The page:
Today’s children are tomorrow’s river guardians- that’s why primary education programmes like Trout in the Classroom are so important to us!

Trout in the Classroom

Our Rivers in the Classroom education programme brings freshwater science into schools in Lancashire and across the Ribble Catchment. By encouraging pupils to expand their knowledge of their local rivers, we hope to promote the value of the Ribble’s natural heritage and improve its condition for people and wildlife. Through field- and classroom-based activities (like Trout in the Classroom), pupils learn about the relationships between living things and their environment. They discover how we can help to protect our rivers in the future by making small changes now.

What is Trout in the Classroom?

The Trout in the Classroom project brings the magic of the brown trout to primary schools across the Ribble catchment throughout the spring term of the academic calendar, from January until the Easter holiday. It begins with Ribble Rivers Trust staff setting up trout tanks with all the equipment needed to create a river habitat in the classroom before delivering 100 brown trout eggs.

Pupils are spend their time with nurturing their trout from egg to fry (young fish), observing each stage of the trout’s life cycle as it unfolds before their eyes. 

An alevin with a visible yolk sac in a trout in the classroom tank

Just before they break up for the Easter holidays, pupils will help RRT staff to take their young trout to their local river, where they will release them to live the rest of their lives in the wild. During this release day, we will also search for other fascinating freshwater creatures living below the water’s surface. Pupils will learn to ID freshwater invertebrate species and learn why they are so important to the future of their trout.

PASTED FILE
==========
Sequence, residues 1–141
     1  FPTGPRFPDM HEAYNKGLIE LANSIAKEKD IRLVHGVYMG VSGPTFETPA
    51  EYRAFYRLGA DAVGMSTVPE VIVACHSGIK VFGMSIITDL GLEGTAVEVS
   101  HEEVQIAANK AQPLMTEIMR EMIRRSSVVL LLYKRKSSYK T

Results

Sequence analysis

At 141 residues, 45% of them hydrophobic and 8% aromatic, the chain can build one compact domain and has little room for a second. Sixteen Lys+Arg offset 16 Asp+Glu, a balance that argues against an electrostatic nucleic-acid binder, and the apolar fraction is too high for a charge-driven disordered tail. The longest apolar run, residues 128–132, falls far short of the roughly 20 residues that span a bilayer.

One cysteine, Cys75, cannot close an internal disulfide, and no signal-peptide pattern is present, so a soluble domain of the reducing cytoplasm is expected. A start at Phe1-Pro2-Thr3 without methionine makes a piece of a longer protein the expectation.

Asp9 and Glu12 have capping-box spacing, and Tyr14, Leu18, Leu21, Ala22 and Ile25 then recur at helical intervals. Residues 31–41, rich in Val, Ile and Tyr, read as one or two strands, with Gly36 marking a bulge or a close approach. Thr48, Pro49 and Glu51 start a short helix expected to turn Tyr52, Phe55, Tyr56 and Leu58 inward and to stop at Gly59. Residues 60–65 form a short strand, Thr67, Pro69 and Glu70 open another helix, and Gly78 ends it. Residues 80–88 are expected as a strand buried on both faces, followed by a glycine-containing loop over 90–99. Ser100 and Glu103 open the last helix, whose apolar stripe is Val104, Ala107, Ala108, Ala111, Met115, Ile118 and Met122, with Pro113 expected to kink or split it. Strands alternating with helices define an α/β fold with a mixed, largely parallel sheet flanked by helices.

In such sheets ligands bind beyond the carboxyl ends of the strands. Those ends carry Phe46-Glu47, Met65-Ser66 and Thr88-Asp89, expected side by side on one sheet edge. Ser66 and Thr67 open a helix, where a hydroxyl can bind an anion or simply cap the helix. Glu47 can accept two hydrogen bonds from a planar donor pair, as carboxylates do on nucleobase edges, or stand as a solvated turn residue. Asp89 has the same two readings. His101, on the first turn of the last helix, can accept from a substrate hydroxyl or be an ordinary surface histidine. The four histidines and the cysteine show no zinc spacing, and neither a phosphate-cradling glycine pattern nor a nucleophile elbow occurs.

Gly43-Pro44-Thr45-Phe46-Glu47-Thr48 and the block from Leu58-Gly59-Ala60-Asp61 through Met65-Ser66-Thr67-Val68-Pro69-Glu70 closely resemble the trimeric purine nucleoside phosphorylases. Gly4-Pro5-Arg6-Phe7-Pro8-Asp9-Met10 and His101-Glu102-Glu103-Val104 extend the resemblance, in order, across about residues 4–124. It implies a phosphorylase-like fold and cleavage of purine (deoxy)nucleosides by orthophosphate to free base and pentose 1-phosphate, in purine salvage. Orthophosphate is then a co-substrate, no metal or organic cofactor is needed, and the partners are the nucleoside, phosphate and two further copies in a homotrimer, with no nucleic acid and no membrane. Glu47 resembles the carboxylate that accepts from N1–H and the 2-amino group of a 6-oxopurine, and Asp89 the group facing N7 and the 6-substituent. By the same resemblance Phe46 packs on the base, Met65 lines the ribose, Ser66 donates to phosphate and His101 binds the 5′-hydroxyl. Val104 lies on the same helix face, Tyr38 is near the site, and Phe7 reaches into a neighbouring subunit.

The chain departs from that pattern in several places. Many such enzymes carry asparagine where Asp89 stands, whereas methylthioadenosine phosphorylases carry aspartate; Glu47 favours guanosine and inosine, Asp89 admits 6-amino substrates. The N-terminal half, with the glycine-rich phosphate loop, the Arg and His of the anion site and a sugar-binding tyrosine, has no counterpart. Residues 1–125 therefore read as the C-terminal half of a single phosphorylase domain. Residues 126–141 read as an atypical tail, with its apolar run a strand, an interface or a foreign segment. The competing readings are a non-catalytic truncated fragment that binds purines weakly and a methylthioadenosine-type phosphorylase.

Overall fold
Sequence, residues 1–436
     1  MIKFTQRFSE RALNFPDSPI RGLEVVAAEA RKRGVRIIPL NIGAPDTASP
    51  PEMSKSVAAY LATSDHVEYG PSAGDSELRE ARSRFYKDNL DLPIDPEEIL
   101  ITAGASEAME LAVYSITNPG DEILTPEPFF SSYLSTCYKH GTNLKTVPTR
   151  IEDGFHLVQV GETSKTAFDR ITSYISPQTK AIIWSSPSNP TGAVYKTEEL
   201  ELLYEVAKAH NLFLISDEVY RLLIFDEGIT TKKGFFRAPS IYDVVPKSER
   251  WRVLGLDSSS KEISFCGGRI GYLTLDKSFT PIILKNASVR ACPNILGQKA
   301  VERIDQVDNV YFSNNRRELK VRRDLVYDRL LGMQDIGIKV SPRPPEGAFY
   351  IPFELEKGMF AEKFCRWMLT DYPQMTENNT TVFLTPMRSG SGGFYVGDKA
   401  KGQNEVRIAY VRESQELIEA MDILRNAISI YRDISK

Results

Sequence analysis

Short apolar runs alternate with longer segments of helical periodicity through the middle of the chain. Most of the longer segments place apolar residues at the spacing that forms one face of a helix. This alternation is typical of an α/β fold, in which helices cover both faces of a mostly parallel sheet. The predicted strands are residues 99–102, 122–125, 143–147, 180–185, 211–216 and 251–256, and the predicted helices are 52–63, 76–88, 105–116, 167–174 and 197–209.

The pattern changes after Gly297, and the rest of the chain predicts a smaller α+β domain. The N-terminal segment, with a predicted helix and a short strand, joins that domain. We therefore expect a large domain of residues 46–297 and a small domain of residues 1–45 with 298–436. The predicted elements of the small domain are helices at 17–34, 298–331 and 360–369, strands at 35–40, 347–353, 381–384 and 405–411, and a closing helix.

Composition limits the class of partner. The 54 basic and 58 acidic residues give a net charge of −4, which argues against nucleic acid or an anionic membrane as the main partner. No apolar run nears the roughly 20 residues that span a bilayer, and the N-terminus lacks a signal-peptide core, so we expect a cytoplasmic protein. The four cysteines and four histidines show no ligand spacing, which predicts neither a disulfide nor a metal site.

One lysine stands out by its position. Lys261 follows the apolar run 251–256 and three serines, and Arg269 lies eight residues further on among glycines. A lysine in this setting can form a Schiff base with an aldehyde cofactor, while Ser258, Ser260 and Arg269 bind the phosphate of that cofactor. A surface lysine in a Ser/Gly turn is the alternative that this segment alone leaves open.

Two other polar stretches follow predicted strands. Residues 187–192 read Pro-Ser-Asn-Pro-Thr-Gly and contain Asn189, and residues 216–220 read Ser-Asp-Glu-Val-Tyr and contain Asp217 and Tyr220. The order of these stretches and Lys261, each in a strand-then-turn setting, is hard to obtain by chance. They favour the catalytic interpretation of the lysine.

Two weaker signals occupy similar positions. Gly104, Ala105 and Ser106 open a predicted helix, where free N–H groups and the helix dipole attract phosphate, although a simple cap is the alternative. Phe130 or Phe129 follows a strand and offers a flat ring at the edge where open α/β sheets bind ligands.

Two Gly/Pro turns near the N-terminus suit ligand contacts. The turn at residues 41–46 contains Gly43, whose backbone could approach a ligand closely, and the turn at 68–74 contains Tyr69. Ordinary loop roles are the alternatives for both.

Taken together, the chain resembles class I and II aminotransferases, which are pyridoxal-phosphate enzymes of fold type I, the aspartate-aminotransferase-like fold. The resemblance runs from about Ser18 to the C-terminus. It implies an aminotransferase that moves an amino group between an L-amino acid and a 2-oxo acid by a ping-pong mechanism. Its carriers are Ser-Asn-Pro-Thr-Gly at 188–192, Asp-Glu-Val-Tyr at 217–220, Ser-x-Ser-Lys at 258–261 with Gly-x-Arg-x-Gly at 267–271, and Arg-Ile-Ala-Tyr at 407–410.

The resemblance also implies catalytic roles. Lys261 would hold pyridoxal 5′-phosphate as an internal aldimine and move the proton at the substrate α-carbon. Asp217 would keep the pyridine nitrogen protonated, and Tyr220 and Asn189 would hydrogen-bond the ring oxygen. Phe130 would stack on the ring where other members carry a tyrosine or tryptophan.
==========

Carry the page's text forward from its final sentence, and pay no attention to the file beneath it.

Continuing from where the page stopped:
Trout in the Classroom is a fantastic project which enhances the National Curriculum and brings learning to life. All activities link directly to the KS2 National Curriculum. They also help pupils to develop Spiritual, Moral, Social and Cultural (SMSC) values, recognised by Ofsted as important components of an Outstanding school.

Did you know?
The brown trout is a medium to large fish which is widespread in the UK and can be found in freshwater, wetland, coastal and marine habitats. Brown trout spawning happens between September and November, which is when the females lay their eggs on gravelly beds. The eggs are fertilised externally then buries in the gravel until they hatch a few months later, depending on the temperature.

The 2023 programme

We have 13 schools taking part in Trout in the Classroom this year, in Blackburn, Chipping, Barrow, Chatburn, Preston, Goosnargh, Oswaldtwistle, Burnley and Bolton.

This alevin is older, and it's yolk sac is deleting.

At the start of January, each school received 100 brown trout eggs which they were tasked with nurturing to fry (young fish). All the eggs have hatched now and their trout are currently in the alevin stage of their life- they have hatched but do not need feeding as they still have their yolk sac attached, which gives them all the nutrients they need.

At this stage in the wild, the alevins will mainly hide from predators until they get used to their surroundings, absorb all of their yolk sac and then need to venture out to find food. In the classroom, the alevins are staying camouflaged and hidden in the gravel at the bottom of the tank. This makes it all the more exciting for the children when they manage to spot them! So far, the children have really immersed themselves in the trout experience, making sure to log their daily checks and letting our Education Officers know about any exciting developments they have noticed.

One teacher has commented on their Trout in the Classroom experience: “We are loving the project! The interest, wonder and excitement is a joy to behold. What a delight to see a bed of wriggling alevins at the bottom of the tank”.

With the impressive efforts the children are putting into looking after and learning about their trout, this could be our best year yet.

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